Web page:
Turns out this was the kind of support for terrorism where you're happy that engagement in democratic processes might make them calm down and start doing less terrorism.
Well, how wrong she was. Hamas used the opportunity of their poll ‘mandate’ to kill their Palestinian Fatah opponents in Gaza, stage a military coup and never hold another election. They then spent the money sent from abroad in aid of the Palestinian people to arm themselves with weapons to fire at Israel and to construct tunnel complexes to carry out terrorist attacks in Israel on Jewish holy days. But Warsi’s ‘soft’ line on Hamas was just part of the broader picture.
I'm not sure who said "soft" but it seems here to mean "made what Douglas Murray considers to be an overly optimistic prediction regarding". You'll also note that the violence he describes after Hamas was elected is a lot less than the hundreds killed in suicide bombings before.
As the Times newspaper reported, back in 2006, in an article for the Asian newspaper Awaaz (written while she was vice-chairman of the Conservative Party) Warsi described the then Labour Government’s anti-terror proposals as ‘enough to tip any normal young man into the realms of a radicalized fanatic.’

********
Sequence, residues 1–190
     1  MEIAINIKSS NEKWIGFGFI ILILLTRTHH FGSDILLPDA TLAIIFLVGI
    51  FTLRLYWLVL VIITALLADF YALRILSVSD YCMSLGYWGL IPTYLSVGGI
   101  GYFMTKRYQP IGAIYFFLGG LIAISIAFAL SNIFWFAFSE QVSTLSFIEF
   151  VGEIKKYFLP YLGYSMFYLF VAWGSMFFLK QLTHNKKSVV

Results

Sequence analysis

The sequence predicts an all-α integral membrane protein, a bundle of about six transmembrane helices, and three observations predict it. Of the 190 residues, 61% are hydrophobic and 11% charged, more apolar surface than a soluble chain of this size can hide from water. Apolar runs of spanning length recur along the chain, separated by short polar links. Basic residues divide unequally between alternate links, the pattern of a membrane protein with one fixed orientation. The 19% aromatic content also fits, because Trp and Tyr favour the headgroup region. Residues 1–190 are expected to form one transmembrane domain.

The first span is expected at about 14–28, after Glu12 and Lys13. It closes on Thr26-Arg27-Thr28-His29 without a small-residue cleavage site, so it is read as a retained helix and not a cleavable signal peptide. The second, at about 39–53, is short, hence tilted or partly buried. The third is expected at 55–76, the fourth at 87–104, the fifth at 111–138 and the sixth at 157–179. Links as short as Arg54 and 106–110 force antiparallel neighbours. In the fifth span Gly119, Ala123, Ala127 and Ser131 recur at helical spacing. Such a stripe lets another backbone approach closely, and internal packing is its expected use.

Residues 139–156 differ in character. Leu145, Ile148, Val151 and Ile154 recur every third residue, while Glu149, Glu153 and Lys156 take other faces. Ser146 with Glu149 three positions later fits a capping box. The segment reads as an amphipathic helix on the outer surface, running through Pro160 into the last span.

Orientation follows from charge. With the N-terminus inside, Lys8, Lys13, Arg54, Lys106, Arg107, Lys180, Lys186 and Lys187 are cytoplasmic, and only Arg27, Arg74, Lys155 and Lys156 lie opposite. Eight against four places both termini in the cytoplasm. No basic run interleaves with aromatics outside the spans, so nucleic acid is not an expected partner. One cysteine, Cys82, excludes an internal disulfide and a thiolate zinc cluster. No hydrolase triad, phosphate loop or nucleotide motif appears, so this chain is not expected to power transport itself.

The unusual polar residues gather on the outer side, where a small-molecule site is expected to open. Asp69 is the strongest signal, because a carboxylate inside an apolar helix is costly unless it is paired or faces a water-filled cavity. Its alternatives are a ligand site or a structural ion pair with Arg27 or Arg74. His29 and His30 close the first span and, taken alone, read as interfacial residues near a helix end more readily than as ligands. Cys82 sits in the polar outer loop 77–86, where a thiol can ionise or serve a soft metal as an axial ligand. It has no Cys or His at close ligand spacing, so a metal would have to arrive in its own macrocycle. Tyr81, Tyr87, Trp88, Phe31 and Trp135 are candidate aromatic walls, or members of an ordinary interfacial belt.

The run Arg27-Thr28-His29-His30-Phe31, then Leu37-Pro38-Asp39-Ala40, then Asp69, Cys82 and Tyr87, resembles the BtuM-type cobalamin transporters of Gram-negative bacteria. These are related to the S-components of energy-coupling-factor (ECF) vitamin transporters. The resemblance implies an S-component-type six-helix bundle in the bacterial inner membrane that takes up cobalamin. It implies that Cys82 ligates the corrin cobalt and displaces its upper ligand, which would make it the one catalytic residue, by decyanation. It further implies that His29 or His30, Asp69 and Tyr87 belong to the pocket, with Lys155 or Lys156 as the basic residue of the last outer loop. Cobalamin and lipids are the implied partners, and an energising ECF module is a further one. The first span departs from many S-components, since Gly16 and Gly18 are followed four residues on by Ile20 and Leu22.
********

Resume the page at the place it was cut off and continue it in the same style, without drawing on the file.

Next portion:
Not only did she as a member of the opposition, oppose government anti-terror legislation, a thing Douglas Murray likes, she also opposed the war in Iraq.
And she wrote that ‘if terrorism is the use of violence against civilians, then where does that leave us in Iraq?’ In 2007 I discovered where she thought that left us. During a rather heated and angry Question Time, just after two car bombs had been placed outside a London nightclub on lady’s night, we got onto Iraq.
Here Douglas Murray makes condemning terrorism sound like approving of terrorism. He also doesn't specify who got heated and angry, but I bet it was the Muslim, you know what they're like. I'm also not sure how they got onto Iraq, but what probably happened was, after the question on the two car bombs was finished, they moved onto another question (the structure of Question Time involves several questions, one after the other). It sounds here like the discussion was cynically derailed.